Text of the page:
Inside Private Prisons: An American Dilemma in the Age of Mass Incarceration
by Lauren-Brooke Eisen
Published: November 2017
First and foremost, Inside Private Prisons is an investigation of the benefits and downsides of privatizing the American prison system. But of course, everything is more complicated than it seems. A journey through the history of privatization goes on to explore our sordid past (and present) of prisoners as commodities, how activists use prison divestment as a tool, and the extent to which immigrant detention centers fit into the prison industrial complex. Overarching the span of the book, readers are encouraged to reflect on the nature of the carceral state: how did we get to this age of mass incarceration? How will our current political landscape shape the future?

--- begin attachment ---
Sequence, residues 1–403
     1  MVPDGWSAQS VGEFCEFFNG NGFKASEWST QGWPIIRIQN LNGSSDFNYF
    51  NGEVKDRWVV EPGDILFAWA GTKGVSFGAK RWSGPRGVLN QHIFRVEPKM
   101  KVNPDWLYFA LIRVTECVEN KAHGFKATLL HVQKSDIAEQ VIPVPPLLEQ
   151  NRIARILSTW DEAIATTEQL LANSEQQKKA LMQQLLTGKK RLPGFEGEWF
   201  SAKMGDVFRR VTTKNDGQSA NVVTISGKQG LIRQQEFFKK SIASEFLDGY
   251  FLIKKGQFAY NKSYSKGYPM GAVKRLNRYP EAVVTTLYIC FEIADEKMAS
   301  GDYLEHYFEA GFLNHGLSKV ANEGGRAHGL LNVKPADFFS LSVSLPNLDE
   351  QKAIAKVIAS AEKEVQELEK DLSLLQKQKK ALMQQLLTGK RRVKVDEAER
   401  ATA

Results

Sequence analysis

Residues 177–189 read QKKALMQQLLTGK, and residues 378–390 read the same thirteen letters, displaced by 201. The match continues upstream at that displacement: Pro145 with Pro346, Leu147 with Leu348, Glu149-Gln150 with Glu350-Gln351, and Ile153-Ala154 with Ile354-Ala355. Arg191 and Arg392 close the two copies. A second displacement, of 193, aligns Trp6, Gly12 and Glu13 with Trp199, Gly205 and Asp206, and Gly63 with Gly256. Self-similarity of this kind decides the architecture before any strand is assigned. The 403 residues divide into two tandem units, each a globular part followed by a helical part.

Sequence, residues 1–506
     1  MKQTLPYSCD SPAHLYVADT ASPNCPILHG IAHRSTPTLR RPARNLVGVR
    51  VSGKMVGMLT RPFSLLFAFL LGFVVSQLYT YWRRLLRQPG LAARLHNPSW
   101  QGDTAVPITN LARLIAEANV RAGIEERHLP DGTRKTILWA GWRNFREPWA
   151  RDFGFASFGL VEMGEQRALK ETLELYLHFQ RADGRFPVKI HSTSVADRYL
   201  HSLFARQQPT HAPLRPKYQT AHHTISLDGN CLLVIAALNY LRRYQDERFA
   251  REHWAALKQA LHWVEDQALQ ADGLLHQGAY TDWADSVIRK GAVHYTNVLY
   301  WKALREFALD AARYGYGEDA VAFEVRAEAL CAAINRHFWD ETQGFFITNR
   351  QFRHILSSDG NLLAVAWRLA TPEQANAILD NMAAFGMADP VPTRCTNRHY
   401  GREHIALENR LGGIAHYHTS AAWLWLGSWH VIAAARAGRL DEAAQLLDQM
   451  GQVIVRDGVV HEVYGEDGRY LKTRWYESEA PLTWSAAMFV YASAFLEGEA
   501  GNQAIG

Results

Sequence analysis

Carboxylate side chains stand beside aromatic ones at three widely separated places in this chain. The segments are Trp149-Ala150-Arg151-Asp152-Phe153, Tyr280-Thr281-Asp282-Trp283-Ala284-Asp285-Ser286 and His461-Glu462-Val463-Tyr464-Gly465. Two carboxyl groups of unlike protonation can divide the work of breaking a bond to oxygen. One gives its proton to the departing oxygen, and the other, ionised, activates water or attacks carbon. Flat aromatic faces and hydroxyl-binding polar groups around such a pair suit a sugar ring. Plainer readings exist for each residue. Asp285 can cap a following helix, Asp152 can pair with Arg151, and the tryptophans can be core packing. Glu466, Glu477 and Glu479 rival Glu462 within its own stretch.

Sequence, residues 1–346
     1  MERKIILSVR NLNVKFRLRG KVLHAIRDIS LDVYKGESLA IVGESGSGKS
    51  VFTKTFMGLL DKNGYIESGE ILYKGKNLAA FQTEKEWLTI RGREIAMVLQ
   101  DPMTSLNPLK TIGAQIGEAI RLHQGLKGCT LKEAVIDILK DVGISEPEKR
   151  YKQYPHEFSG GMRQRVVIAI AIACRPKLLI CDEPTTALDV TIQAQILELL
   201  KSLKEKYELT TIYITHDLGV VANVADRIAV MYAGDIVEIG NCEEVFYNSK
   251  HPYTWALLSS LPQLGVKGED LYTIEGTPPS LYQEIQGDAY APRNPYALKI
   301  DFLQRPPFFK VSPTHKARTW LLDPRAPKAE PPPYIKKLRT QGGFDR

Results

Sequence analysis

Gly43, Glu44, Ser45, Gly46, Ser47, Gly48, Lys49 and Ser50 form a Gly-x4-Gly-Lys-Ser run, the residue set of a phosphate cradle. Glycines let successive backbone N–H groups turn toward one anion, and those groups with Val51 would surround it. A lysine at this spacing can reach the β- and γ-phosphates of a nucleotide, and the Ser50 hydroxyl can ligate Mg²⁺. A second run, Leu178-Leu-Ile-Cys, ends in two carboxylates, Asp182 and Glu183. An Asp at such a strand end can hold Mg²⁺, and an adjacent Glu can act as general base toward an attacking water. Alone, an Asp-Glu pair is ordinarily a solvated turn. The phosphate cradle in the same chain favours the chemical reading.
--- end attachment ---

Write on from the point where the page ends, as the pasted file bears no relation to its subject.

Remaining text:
3.5 out of 5 stars: This book was well-researched almost to a fault – just bursting at the seams with information. The overarching structure of the book sets a solid foundation for discussion, but I felt within each chapter the narrative tends to diverge wildly, leaving some anecdotes and facts a bit scattered and out of place. On the one hand, I want to casually recommend this to anyone with zero background knowledge of the United States prison system (like me!) because it such a strong collection of data and eye-opening realities*. But if I’m completely honest it was a bit of a struggle for me to get through, probably better suited as a required reading text in a college course.
* Did you know small prison towns get to headcount prisoners in the census? So even though prisoners can’t vote, they brings more political weight to the region AND bring down the mean income level qualifying the town for federal aid. What a fun new way to gerrymander over-representation for rural america!
// I received this book free from NetGalley in exchange for an honest review.